New Jersey Lawsuit Mill Fined $2.5 Million
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Summary: A law firm and a debt-buying company were fined $2.5 million for running an alleged East coast lawsuit mill. 

An alleged lawsuit mill in New Jersey has been slammed with a $2.5 million penalty. According to Consumerist, Pressler & Pressler LLP doled out hundreds of thousands of debt collection lawsuits over the years, but they never bothered to verify the validity before hounding the defendants. The Consumer Financial Protection Bureau announced on Monday that it had fined the law firm and its debt buying partner $2.5 million for mass-producing inaccurate collection lawsuits.


The CFPB penalized Pressler & Pressler, its two principals Sheldon Pressler and Gerald Felt, along with debt buyer New Century Financial Services Inc. They allege that the companies filed over 500,000 lawsuits against consumers in New Jersey, New York, and Pennsylvania after New Century bought the debts and passed off the accounts to Pressler & Pressler for collection.

After an investigation, the CFPB found the law firm used an automated claim-preparation system and non-attorney staff to determine which defendants to sue. In some cases, the debts were invalid or challenged, but New Century did nothing to verify the accuracy of these claims. Instead, all defaulted accounts were headed for collection.

The CFPB said that actual attorneys spent only mere minutes looking over the cases before filing the lawsuits. Director Richard Cordray of the CFPB said that “debt collectors that file lawsuits with no regard to their validity break the law.”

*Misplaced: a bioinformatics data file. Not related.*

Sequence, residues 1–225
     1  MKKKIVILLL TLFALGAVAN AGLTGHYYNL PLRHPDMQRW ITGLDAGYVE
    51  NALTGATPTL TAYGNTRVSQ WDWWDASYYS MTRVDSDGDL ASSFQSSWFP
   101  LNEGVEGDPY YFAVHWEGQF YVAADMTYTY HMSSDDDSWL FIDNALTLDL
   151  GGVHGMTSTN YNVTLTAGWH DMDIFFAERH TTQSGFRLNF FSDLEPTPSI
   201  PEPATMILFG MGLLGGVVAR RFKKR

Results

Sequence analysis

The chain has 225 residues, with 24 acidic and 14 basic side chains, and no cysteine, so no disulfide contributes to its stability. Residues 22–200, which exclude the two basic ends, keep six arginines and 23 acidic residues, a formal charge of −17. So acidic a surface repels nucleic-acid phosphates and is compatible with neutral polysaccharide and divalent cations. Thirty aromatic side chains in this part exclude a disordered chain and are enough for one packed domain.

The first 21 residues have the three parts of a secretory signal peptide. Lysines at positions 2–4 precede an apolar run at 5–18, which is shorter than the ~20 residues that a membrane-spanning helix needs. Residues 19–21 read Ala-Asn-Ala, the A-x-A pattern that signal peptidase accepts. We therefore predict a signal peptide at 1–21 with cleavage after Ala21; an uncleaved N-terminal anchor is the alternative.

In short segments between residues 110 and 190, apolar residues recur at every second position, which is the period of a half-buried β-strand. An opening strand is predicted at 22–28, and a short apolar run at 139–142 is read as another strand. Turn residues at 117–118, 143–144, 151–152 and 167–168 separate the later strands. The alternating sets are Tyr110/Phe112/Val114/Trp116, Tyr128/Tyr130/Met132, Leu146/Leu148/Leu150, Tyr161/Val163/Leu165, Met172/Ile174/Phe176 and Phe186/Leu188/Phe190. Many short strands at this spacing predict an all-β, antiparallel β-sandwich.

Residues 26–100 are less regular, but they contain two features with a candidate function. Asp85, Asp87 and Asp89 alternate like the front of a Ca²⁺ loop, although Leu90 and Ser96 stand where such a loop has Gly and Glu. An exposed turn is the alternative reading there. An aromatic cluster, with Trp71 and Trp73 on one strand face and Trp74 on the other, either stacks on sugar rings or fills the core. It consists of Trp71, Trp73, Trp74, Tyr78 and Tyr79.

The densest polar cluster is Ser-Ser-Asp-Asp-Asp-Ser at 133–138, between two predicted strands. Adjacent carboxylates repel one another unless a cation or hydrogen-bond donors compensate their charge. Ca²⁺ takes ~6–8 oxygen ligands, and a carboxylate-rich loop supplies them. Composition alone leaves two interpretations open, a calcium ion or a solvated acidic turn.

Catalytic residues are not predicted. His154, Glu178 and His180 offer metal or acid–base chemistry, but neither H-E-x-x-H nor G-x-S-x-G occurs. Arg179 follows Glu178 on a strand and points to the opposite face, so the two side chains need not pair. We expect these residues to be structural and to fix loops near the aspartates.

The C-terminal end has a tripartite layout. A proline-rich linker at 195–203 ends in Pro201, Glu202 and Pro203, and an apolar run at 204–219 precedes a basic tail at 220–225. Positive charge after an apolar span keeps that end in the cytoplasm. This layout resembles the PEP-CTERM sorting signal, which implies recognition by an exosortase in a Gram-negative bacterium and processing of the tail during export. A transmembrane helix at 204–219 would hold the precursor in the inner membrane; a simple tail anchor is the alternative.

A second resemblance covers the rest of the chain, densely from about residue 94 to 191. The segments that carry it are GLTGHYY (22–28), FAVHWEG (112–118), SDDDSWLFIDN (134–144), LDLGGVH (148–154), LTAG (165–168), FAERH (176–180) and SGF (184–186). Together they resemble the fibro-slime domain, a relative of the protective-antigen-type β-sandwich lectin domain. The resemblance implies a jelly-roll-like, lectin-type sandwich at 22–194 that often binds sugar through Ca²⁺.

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Pressler & Pressler along with the partners must pay $1 million to the CFPB penalty fund, and New Century has been ordered to pay $1.5 million. Additionally, Pressler & Pressler must stop filing lawsuits without substantiated claims.


Pressler & Pressler released a response to the ruling, stating that they disagreed with the CFPB’s position.

“This settlement is not about laws or rules that are currently in place,” Sheldon Pressler said in a release. “Instead, the CFPB has formed its own unique interpretation of federal and state law today and applied those interpretations retroactively to our past practices that were, at the time, in accordance with federal and state laws.”

The release also stated that, “the industry has been grappling with how to comply with unestablished and ambiguous standards. Pressler and Pressler is interpreting this action by the CFPB as clarifying how it intends for firms in its field to operate going forward.”

Source: Consumerist

Photo courtesy of ABC News


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